Fighting Cyber Threats - the Internet of Things (Part 3)

This short article is the 3rd in a series to help small business owners grow and protect their businesses in the age of cyber threats and digital piracy.

 Our 3rd article explains, as an introduction, IoT – The Internet of Things, and is directed not only to small business but to all of us who use the Internet.

The Internet is everywhere and the Internet is doing more things for more people than ever before.  One reason for this is the IoT. One formal and technical description of IoT is “The ever-growing network of physical objects that feature an IP address for internet connectivity, and the communication that occurs between these objects and other Internet-enabled devices and systems”.

Whew. Did you get that? I like my description better: IoT are all those devices we put on the Internet like household lights, garage door openers, Televisions, home security cameras, our refrigerators and more!

Although these things may make our lives better, they can be hacked from a sec…

Fighting Cyber Threats - the Small Business Way (Part 2)

This short article is the 2nd in a series to help small business owners grow and protect their businesses in the age of cyber threats and digital piracy.

 Quite a few business owners are hesitant to allow 3rd party vendors and customers to digitally transfer money to their business accounts. They are afraid of “bad guys” or hackers obtaining their checking account number and draining it. After all, we business owners are concerned about having money needed for payroll and “bill pay”!!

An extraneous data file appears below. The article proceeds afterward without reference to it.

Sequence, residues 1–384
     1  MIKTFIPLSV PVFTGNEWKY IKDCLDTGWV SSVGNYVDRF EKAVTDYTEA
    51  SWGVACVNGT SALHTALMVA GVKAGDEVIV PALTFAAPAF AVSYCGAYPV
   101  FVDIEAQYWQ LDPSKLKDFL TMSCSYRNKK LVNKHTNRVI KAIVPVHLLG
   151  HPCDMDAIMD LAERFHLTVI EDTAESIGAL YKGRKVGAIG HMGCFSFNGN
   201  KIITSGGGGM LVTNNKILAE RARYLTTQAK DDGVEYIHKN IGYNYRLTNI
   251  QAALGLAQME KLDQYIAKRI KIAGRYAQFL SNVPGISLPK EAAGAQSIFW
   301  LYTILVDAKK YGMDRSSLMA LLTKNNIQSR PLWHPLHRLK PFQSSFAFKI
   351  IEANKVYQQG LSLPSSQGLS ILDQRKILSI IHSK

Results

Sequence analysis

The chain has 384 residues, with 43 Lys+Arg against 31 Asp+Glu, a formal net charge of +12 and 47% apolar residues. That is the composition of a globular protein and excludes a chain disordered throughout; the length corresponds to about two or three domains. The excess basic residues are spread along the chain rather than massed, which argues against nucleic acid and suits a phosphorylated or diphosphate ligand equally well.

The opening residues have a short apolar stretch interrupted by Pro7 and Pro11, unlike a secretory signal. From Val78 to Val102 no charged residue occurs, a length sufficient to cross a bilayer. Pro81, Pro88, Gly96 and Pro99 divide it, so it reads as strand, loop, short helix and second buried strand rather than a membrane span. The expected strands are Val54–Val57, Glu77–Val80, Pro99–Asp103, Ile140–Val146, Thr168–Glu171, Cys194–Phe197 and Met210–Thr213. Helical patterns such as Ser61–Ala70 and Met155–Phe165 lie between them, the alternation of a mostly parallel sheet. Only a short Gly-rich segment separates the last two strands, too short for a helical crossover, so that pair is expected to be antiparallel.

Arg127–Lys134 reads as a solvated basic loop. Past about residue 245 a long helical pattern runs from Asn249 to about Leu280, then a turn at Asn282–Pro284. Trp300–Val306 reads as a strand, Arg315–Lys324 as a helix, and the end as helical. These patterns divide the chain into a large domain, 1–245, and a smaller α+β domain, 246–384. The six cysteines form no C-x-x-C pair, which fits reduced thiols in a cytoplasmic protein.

No wonder we don’t sleep like we used to.

Well, how about this for a suggestion. It’s not a sleeping pill, but instead, it’s good cyber advice.
Instead of just one business checking account with your bank, open a 2nd checking account. Now use this 2nd checking account as your internet facing account. Meaning, use this account to send and receive payments to and from your customers, vendors and business colleagues.
But wait; don’t I still have a potential cyber risk exposing money to the Interne…

Fighting Cyber Threats - the Small Business Way (Part 1)

As small business owners, we wear many hats in order to grow and protect our businesses.  In today’s Digital Age, we must wear one more; we are the Protector of our business from the threat of Cyber Intrusion, Data Theft, and Financial Embezzlement.

But how can we protect our business when big businesses with deep pockets can barely protect themselves?  We read practically every week another well-known large corporation admit they were “hacked” and millions of customer records have become compromised.  Closer to home, we hear how thousands surrender to “digital pirates” via RANSOMware, where your PC and data are held at ransom by data encryption until you pay the bounty, usually $500 or more.

Keep your head up!  There are things we can do to protect our businesses, and these proactive defenses won’t break the bank.

First, EDUCATE yourself and your employees who have access to business computers.  Passwords should be at least ten characters long, never shared and never writt…